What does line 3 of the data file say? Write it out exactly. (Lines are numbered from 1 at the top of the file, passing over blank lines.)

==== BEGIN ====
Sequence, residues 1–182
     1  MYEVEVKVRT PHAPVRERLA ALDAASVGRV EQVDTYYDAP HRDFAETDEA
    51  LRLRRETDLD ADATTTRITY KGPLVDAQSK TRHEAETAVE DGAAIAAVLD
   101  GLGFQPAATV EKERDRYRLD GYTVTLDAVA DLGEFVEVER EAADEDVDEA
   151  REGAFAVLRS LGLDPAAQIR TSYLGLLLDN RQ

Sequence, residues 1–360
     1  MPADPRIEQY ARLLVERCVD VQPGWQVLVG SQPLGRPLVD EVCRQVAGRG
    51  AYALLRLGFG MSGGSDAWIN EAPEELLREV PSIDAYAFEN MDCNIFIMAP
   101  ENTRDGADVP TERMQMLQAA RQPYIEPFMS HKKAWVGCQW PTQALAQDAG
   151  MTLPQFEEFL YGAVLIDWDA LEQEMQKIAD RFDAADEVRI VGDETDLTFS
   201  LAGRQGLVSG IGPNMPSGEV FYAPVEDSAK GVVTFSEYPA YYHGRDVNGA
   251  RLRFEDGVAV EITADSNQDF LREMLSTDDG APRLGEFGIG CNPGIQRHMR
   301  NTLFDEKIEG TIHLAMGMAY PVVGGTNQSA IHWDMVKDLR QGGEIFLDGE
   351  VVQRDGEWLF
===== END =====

    51  LRLRRETDLD ADATTTRITY KGPLVDAQSK TRHEAETAVE DGAAIAAVLD